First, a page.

Another former survey team member said the evidence of a "just in
time" program justifies the prewar concerns, even if the program was
"To me, there's no difference between finding a warehouse full of
aerial bombs with nerve gas and a pencil-and-paper plan that will allow
them to use their existing production capabilities to produce those
same weapons in one week's time," he said.
U.N. weapons inspectors who scoured Iraq from 1991 to 1998 also
theorized that Hussein sought to hide new weapons programs in civilian
factories, hospitals and laboratories. Hussein had hidden much of his
chemical and biological weapons production in pesticide plants,
water-treatment facilities and other civilian infrastructure in the
1980s, but the U.N. teams found no newly built production operations in
Kay and Dayton briefed the Senate Intelligence and Armed Services
committees behind closed doors in late July. They later told reporters
that the survey group was making "solid progress" in unraveling
Hussein's illicit programs. That led to sharp criticism from some
"I remain cautious about whether we're going to find actual WMD,"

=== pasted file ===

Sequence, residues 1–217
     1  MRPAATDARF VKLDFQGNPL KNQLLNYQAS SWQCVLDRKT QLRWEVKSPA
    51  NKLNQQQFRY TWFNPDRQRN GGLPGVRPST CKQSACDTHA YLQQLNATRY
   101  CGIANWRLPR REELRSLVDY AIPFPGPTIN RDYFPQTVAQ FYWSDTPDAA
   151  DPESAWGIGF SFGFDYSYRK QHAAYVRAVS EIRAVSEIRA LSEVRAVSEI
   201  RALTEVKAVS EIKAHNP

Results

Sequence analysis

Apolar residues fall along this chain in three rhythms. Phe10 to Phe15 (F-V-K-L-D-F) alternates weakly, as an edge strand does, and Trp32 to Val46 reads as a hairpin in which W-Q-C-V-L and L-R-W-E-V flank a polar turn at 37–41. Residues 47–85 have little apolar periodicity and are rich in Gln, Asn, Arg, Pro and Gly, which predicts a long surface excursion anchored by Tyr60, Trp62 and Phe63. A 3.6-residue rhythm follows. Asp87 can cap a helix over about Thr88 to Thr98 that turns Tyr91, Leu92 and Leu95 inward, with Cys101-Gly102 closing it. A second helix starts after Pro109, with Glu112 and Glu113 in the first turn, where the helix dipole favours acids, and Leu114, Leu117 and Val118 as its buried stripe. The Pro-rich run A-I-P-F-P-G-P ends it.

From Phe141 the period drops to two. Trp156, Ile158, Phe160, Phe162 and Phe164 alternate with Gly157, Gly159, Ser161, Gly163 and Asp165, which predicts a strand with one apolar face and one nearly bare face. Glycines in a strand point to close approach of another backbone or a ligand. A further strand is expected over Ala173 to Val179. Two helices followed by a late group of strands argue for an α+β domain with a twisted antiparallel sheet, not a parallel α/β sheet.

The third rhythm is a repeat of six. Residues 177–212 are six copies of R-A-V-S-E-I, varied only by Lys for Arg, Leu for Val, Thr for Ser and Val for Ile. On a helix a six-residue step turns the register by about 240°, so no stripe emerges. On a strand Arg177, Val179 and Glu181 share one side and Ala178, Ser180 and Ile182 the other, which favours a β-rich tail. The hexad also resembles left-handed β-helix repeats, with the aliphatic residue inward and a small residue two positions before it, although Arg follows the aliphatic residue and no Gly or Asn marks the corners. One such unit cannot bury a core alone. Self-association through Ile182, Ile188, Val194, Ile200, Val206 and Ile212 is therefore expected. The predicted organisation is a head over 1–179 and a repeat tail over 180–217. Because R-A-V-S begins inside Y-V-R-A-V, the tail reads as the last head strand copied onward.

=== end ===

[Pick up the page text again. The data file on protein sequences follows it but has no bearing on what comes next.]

said Sen. John D. "Jay" Rockefeller IV (D-W.Va.), vice chairman of the
Senate Intelligence Committee. "Not just a program, but the very
extensive weapons — ready for attack — that we all were told existed."
Rockefeller said he was "concerned" that the weapons hunters had
not found "the 25,000 liters of anthrax, the 38,000 liters of botulinum
toxin and the 500 tons of mustard, sarin and VX nerve gas" that Bush
cited in his State of the Union speech in January.
Administration officials say they are still confident that weapons
of mass destruction will be found. They note a sharp increase in the
number of Iraqis providing useful information over the last month. One
such tip last week led to a cache of shoulder-held surface-to-air
missiles in northern Iraq, officials said.
In a television interview on Sunday, Air Force Gen. Richard B.
Myers, chairman of the Joint Chiefs of Staff, cited the discovery this
month of about 30 Soviet-era high-speed fighters and reconnaissance
aircraft that had been buried in desert sands near the Taqqadum
airfield west of Baghdad. U.S. troops had been operating in the area
for more than three months before a sandstorm exposed a tail fin.
"They went to extraordinary lengths to bury an aircraft," Myers said.
"A 55-gallon drum with anthrax in it would be a lot more difficult
to find and dig up. So it will work ... and we'll find what we're